Psalm 37:25, “I have been young and now am old, yet have I not seen the righteous forsaken nor His seed begging bread.” I have been studying in the Psalms and have found some treasure there. David wrote at least eight of his psalms when he was still in his twenties but he says in this 37th one that he is an old man. I don’t know how old because he died when he was 71. But he would have been in his 20s those years when he was fleeing and hiding from Saul to save his life. The eight psalms he wrote while he was young were 34, 52, 54, 56, 57, 59, 63, and 142. When Saul was killed by the Philistines in battle, the tribe of Judah to which David belonged crowned him king of Judah in Hebron and he would have been 30 years old at this time.
In I Samuel 22:1, Jonathan had warned David that his father, Saul, had plans to kill him so he was hiding from Saul and his army in the cave Adullam and there he wrote the 57th Psalm. He said, “My heart is fixed, O God, my heart is fixed; I will sing and give praise.” This was his purpose as a young man and when I read this, it started me on my treasure hunt in his psalms. In Proverbs 4:23, Solomon was teaching his son what he said his father, David, had taught him, “Keep thy heart with all diligence for out of it are the issues of life.” It has been proven that when the pressure is on, you will follow what is in your heart no matter what is in your mind. So, our heart needs to be fixed with the right purposes because out of it will come the things that are going to be the issues of our life forever. The purposes that were fixed in David’s heart as a young man became his testimony and the advice he could give to those that were coming after him.
I have been trying to find some of those things he said his heart was fixed on as a young man that kept him true to God into old age. In Psalm 34, he said, “I will bless the Lord at all times; His praise shall continually be in my mouth.” He had a fixed purpose that come what may “at all times” he would have a song in his heart that would bless the Lord – and he would sing it. What was the background of that song? He had gone down into the land of the Philistines when he was fleeing from Saul. There the servants of the king of Gath saw David and knew he had been anointed king of Israel their enemy, so the servants captured him and took him to their king. They said, “Is not this David the king of the land? Did they not sing one to another of him in dances saying, “Saul hath slain his thousands and David his ten thousands?” David was sore afraid seeing he was in dire straits so he pretended to be crazy and let his spittle run down his beard and made marks on the doors – and the king told his men this is just a mad man and to get him out of there. His own haste had brought him there but he turned to God and said, “I will bless the Lord at all times,” and he wouldn’t let his foolish mistake take away from him what God had given him.
One time in Nebraska I was talking to an old sister worker who was resting, Blanche Hartsock. I asked when it was she went into the work and she told us, “I can’t boast of my progress but I can boast of my leader.” This was also David’s fixed purpose to “boast of the Lord at all times.”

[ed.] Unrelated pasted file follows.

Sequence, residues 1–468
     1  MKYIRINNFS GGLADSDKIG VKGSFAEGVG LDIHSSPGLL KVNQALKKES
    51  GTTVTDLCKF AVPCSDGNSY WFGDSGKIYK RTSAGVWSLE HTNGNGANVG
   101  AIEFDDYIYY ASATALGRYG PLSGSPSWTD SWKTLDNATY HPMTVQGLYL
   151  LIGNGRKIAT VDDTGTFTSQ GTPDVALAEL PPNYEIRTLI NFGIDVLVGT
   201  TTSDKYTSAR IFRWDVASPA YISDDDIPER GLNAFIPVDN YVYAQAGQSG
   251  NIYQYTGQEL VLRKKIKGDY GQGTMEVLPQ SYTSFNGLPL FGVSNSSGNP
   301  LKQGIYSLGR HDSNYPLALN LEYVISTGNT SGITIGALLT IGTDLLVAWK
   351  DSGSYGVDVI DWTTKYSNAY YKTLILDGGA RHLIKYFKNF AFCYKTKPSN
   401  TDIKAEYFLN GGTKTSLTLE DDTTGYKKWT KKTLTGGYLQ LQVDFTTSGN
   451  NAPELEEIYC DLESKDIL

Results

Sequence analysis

Psalm 34:3, David said, “O magnify the Lord with me and let us exalt His name together.” What do you think of when you think of “the name of the Lord?” You think of his character. When God called Moses up on the mountain to give him the commandments, He declared His name to him saying, “The Lord God, merciful and gracious, long suffering and abundant in mercy and truth, keeping mercy for thousands, forgiving iniquity and transgressions and sin.” Another time, He told Moses to tell the children of Israel that “Ye shall be holy for I the Lord your God am holy.” This holy God has made it possible that an unholy man can be made right and have fellowship with Him.
Psalm 34:4, “I sought the Lord and He heard me and delivered me from all my sins.” This was the young David talking and also in Psalm 142:5, “I cried unto Thee, O Lord; I said, ‘Thou art my refuge and my portion in the land of the living.’” He could say I cried and He heard me. When a baby cries, the mom and dad hear them and although the words are not distinct, they, and especially the mom, seem to know what the cry means. One time I was listening to a child mumbling and crying in a high chair. I couldn’t understand anything he was saying but he had dropped something on the floor and when I picked it up and handed it to him, he was satisfied and quiet. Without words, he asked for what he wanted and got it. Sometimes people say they don’t know how to pray because they don’t know the language of heaven but we do know how to cry and God knows our language.
Psalm 34:7, David said, “The angel of the Lord encampeth round about them that fear Him and delivereth them.” I look back on my early years and know that if there had not been an invisible hand keeping me, things wouldn’t have turned out so good.
Psalm 34:12, David proved that he learned in the dark a formula for good days. He says, “What man is he that desireth life and loveth many days that he may see good? Keep thy tongue from evil and thy lips from speaking guile. Depart from evil and do good; seek peace and pursue it.” We have the same formula to help us make dark days good days.
Ten of those twelve spies that went into Canaan came out saying they had seen the land that it was good but it was inhabited by giants (in reality they weren’t all giants). They said the cities were walled up to heaven (but they really weren’t that high). Their words took the courage out of the hearts of their brethren because they didn’t use the formula of keeping their tongue from evil so they did not have the good days that God intended they should have.
Psalm 34:20, David said, “He keepeth all His bones; not one of them is broken.” In his dark days he received a vision of the Christ also in a dark time giving His life for mankind.
Psalm 4:1, David said, “…Thou hast enlarged me when I was in darkness.” That enlargement was the vision of the Christ who was to come.
Psalm 34:19, “Many are the afflictions of the righteous but the Lord delivered him out of them all. He kept all His bones: not one of them is broken.” David saw this vision of the Christ when he was in darkness and distress and it enlarged him. He saw the perfect righteous one in affliction but he saw the perfect provision of God for him when He was hanging on the cross beside the two thieves and they came to break the bones of their legs. God saw to it that Jesus was already dead when they came so that scripture was fulfilled and Jesus was spared that further suffering. This glimpse of Jesus in His darkness helped enlarge David in his darkness.